Efforts to level-up could result in embedding regional inequalities, a new report from the Chartered Institute of Public Finance and Accountancy (CIPFA) has found.
The report published today is critical of the current approach of bidding for pots of money.
CIPFA found it risks awarding funds based on the ability to create a bid rather than need, putting ‘smaller, less resilient councils at a disadvantage’ and ‘amplifying regional inequalities’.
The report added: ‘The money provided through levelling up does not alleviate any of the current local government funding problems and in some cases will increase the burden on local authorities.’
CIPFA’s local government policy manager Joanne Pitt said: ‘Levelling up funding cannot be used as a way of influencing voters to the detriment of good decision making.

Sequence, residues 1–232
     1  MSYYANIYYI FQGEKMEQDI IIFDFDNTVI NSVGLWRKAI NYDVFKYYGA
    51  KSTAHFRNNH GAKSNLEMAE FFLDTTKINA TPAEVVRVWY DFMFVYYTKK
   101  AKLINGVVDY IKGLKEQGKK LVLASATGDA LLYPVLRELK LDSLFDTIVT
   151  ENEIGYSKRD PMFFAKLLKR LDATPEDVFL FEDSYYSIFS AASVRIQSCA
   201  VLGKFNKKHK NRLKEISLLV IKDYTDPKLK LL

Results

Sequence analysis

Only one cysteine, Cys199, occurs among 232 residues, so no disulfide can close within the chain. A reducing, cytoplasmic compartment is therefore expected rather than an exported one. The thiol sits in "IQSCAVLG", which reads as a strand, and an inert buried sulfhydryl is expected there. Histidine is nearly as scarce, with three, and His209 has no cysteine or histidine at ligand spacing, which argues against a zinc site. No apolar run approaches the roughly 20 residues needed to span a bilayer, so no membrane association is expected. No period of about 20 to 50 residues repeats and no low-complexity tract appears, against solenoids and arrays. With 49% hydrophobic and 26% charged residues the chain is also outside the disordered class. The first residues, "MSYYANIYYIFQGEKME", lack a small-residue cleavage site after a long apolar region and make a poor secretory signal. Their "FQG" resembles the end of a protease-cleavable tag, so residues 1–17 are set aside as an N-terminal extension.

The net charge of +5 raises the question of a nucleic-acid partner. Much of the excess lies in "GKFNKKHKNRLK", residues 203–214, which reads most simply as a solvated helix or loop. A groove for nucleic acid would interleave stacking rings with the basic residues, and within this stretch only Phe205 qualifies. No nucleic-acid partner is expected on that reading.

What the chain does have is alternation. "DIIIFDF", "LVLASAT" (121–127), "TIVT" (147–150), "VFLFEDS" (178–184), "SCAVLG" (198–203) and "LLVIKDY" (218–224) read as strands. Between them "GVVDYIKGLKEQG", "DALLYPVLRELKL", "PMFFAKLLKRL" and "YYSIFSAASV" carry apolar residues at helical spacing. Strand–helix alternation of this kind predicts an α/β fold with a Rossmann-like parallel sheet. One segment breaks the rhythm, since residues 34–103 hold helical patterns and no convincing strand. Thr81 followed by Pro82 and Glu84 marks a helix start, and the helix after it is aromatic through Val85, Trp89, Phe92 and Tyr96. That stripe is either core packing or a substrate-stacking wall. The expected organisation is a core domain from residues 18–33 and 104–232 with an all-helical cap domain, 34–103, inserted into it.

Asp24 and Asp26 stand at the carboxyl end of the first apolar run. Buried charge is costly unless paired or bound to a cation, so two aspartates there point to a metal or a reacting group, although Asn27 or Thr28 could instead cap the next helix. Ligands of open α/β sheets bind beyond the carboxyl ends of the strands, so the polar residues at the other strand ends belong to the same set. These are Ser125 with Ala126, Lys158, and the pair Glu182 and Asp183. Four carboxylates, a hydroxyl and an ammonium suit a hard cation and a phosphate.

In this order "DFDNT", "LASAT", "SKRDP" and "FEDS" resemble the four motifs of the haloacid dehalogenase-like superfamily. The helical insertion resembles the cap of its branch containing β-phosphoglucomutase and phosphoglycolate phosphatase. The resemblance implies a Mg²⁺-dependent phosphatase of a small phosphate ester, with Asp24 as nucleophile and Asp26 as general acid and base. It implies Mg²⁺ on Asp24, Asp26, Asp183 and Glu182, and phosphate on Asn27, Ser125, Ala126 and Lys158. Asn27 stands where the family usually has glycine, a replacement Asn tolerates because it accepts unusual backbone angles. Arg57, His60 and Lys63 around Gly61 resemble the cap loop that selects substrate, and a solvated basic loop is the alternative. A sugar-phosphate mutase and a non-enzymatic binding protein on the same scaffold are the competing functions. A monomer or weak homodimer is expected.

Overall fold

‘Areas most in need of funding should be supported and allowed to engage with this national policy based on sound economic judgment rather than a ballot paper.'
CIPFA also recommended incorporating the Industrial Strategy into its forthcoming successor, the Plan for Growth to avoid ‘uprooting nearly four years of effort’.
Chief economist Jeffrey Matsu said: ‘Levelling up, net zero and a vision for global Britain were already being addressed by the Industrial Strategy’s four grand challenges and 10 sector deals.
‘Why not build on this approach rather than restart?’
The report raised concerns over a lack of ‘clear understanding of how success will be measured’ and urged the Government to be candid about what to expect in the Spending Review.
It added: ‘Trade-offs exist and it would be better for the Government to confront these difficult but necessary choices by making, at times, unpopular decisions.
‘To pretend that there will not be both winners and losers when attempting to level the playing field may, ultimately, erode public trust.’